Brazil is experiencing a massive outbreak of dengue fever, the sometimes fatal mosquito-borne disease, and public health experts say it is a harbinger of a coming surge in cases in the Americas, including Puerto Rico.
Brazil’s health ministry warns it expects more than 4.2 million cases this year, surpassing the 4.1 million reported by the Pan American Health Organization in all 42 countries in the region last year.
Brazil has had a bad dengue year – the number of cases of the virus usually rises and falls in a cycle of about four years – but experts say several factors, including El Niño and climate change, have greatly amplified the problem this year.
“The record heat in the country and above-average rainfall since last year, even before the summer, increased the number of mosquito breeding sites in Brazil, even in areas that had few cases of the disease,” the health minister said of Brazil, Nicia. Trudeau said.
Dengue cases have already spiked in Argentina, Uruguay and Paraguay in recent months during the Southern Hemisphere summer, and the virus will increase across continents with the seasons.
“When we see waves in one country, we will generally see waves in other countries, so we are interconnected,” said Dr. Albert Ko, a dengue expert in Brazil and professor of public health at Yale University.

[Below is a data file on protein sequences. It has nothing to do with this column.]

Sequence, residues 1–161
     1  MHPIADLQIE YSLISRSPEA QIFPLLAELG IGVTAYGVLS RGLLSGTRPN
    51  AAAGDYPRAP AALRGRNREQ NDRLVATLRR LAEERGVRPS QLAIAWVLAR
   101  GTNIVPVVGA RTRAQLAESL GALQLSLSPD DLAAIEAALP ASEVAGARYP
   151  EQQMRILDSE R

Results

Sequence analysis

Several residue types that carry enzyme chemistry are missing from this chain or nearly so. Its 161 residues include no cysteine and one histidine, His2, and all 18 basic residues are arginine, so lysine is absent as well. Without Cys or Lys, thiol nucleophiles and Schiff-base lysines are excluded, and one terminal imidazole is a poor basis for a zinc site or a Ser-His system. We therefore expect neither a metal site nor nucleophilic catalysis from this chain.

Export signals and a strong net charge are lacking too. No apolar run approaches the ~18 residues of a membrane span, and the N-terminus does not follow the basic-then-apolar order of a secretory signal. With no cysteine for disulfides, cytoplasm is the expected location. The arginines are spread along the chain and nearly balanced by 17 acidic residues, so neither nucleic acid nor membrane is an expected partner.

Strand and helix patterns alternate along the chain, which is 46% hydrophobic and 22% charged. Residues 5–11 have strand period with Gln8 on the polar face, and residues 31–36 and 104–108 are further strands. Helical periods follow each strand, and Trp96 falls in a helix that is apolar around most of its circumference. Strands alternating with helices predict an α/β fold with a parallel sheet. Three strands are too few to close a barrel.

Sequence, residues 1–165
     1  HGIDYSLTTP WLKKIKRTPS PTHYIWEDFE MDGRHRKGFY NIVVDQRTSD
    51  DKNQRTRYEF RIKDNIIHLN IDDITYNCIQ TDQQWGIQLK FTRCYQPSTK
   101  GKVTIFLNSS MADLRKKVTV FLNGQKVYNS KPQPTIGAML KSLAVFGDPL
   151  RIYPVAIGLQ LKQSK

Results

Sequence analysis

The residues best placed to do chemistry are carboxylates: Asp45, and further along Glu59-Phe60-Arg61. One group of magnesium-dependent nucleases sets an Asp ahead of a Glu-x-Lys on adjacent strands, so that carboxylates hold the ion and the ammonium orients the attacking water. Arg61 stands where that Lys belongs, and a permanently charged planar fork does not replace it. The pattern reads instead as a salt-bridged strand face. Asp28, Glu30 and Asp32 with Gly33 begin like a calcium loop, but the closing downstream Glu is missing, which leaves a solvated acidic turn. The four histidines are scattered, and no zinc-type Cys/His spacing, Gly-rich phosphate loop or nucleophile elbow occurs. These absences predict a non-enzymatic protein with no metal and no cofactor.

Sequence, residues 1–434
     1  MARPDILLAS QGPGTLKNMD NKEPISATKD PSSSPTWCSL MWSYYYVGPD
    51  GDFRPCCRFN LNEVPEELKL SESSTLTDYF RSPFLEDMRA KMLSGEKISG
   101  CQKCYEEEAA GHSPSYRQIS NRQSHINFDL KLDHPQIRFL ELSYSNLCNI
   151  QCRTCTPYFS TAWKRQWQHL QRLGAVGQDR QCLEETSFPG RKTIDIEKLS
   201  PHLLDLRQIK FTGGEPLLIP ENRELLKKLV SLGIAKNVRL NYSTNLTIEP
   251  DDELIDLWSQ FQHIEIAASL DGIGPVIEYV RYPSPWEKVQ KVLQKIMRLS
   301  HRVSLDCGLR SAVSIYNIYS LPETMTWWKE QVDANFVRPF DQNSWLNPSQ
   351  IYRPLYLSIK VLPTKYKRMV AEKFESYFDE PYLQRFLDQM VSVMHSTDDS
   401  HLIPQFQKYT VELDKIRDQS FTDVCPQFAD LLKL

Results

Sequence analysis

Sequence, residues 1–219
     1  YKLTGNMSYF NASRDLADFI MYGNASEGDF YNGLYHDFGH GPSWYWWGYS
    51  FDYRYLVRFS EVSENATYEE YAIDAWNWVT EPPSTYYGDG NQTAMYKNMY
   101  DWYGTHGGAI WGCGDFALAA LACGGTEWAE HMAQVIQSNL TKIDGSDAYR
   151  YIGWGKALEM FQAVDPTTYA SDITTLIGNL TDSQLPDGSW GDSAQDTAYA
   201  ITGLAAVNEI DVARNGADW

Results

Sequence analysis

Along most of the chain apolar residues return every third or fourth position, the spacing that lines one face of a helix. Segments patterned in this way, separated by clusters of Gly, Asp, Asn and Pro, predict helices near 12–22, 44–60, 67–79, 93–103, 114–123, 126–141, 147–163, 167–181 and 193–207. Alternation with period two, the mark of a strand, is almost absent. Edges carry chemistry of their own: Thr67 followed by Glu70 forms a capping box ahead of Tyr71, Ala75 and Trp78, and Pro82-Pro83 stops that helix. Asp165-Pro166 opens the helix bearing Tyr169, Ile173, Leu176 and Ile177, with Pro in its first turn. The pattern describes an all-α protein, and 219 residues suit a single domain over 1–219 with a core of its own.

The World Health Organization has warned that dengue fever is fast becoming an urgent global health problem, with a record number of cases last year and outbreaks in places such as France that have historically never reported the disease.
In the United States, Dr. Gabriela Paz-Bailey, chief of the dengue branch of the vector-borne diseases division at the Centers for Disease Control and Prevention, said she expects high rates of dengue infection. in Puerto Rico this year and that there will be more cases in the continental United States as well, especially in Florida, as well as in Texas, Arizona and Southern California.
Dengue fever is spread by Aedes aegypti, a species of mosquito that is establishing itself in new areas, including warmer, wetter parts of the United States, where it had never been seen until recent years.